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Wednesday, September 28, 2016

And Your Bird Can Sing

John Lennon could be brutal in his assessment of any piece of work, even his own, and he never had a good word to say about this composition when asked about it in later years, dismissing it on various occasions as a "horror" and a "throwaway."  It's difficult to understand those remarks, even if he was merely referring to the lyrics, which are a bit sloppy in places, especially in the use of the word "awoken" to force a rhyme.  Yet this is the same man who felt that Be-Bop-A-Lula was one of the best rock and roll songs ever written and who often stated that the overall sound of a recording was more important than the words.  Given those standards, And Your Bird Can Sing is a fine piece of work indeed, with its sonic wash of electric guitars and rich vocal harmonies.

The Beatles first recorded the song on April 20th, 1966 - only a few weeks into sessions for the album Revolver.  Right from the introduction, the two takes laid down on this date sound very much in the style of the Byrds, with double-tracked ringing guitars.  Take two, which can be heard on Anthology 2, was considered to be the master and given numerous overdubs.  While the version presented is most notable for the giggling hysterics of John and Paul as they attempt to add more vocals, this take is a great look into an alternate arrangement of the song.  The long, winding guitar riff is mostly set, but the placement of the third verse and the instrumental break is different, the first verse is repeated then followed by a break and a nifty bass run by Paul before the guitars return and the boys start whistling over an intended fadeout section.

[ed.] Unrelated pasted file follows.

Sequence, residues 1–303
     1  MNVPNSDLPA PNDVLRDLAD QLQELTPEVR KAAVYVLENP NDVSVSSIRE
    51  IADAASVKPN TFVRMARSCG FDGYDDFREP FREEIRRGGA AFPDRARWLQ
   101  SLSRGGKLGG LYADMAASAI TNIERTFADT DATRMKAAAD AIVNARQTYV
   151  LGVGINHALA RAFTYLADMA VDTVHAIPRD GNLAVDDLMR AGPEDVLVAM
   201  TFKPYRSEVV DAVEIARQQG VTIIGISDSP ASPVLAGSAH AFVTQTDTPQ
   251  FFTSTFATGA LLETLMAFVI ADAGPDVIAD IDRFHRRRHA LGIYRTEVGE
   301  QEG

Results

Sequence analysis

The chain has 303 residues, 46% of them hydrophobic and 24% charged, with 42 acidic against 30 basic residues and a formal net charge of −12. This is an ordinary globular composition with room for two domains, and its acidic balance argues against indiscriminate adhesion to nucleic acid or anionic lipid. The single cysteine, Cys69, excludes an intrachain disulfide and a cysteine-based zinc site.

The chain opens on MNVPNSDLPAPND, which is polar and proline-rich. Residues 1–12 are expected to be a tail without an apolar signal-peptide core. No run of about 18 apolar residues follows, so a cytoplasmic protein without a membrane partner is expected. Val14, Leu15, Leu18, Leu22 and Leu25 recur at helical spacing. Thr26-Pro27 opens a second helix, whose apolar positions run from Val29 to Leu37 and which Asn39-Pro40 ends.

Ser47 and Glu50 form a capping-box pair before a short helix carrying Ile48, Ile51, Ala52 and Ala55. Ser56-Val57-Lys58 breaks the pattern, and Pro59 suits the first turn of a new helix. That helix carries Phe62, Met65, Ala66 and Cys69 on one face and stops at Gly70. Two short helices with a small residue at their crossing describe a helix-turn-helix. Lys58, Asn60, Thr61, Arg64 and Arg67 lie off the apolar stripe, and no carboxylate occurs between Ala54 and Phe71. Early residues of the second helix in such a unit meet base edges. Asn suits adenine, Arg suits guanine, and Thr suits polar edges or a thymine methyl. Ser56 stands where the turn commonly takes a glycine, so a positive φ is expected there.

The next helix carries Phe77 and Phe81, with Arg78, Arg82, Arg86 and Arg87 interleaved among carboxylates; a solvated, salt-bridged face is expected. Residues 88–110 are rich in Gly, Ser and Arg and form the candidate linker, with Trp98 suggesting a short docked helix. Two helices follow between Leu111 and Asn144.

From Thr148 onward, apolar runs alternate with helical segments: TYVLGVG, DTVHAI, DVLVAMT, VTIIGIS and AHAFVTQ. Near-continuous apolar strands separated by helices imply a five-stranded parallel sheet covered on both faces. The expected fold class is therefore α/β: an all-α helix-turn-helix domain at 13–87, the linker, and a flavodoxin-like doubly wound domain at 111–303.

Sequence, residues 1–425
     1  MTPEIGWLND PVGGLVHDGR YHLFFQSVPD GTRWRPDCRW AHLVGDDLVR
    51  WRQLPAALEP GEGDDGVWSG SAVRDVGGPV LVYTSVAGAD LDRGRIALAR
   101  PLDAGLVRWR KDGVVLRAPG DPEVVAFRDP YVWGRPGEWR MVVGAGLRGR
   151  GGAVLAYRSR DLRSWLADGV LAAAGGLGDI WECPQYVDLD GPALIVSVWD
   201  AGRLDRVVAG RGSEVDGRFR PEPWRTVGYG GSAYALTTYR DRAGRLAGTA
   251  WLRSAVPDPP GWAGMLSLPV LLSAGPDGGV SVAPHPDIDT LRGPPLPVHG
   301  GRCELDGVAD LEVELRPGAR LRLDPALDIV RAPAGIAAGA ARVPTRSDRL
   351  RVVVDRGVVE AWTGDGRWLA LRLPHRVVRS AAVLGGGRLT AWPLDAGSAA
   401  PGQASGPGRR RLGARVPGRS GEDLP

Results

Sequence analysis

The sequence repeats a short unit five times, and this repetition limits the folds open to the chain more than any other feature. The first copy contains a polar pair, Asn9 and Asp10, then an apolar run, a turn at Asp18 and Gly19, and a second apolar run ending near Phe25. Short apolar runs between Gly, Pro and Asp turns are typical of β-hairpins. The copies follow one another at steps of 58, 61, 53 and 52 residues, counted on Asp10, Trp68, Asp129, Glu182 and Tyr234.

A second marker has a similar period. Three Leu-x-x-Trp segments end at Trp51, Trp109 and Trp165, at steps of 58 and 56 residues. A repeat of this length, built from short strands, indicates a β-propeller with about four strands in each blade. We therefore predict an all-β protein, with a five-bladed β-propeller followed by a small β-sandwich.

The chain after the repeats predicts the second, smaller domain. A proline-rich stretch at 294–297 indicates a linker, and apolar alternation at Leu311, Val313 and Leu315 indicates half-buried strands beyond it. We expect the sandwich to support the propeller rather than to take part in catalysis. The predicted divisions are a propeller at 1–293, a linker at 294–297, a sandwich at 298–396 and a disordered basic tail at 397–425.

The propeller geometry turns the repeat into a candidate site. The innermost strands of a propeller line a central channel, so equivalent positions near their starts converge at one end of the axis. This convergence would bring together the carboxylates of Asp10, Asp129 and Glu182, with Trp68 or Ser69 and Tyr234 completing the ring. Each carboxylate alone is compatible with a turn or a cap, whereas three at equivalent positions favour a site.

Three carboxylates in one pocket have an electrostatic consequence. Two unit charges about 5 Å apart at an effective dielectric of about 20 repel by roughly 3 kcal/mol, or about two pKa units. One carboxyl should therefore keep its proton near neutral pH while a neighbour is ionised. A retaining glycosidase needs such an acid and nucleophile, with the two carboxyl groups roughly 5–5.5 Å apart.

Unhappy with this version for some reason (not, of course, for the giggling overdub which would naturally have been deleted), John decided that a remake was necessary.  Thus, on April 26th, they began anew at take three, laying down several attempts of a new arrangement.  Take ten proved to be the best (out of thirteen total) and overdubbing began.  The guitar riff is extended and even more strident here.  Whereas John and Paul sang the earlier version as a duet, John sings alone in most places now (though his voice is treated with ADT, artificial double tracking) and more forcefully throughout.  And the tempo is a bit slower yet still driving forward at all times.  This proved to be the master used on the US album "Yesterday"...and Today and the UK album Revolver.

Though the Beatles set out on one final tour after these sessions, neither this song nor any other song from Revolver was added to their live act. 

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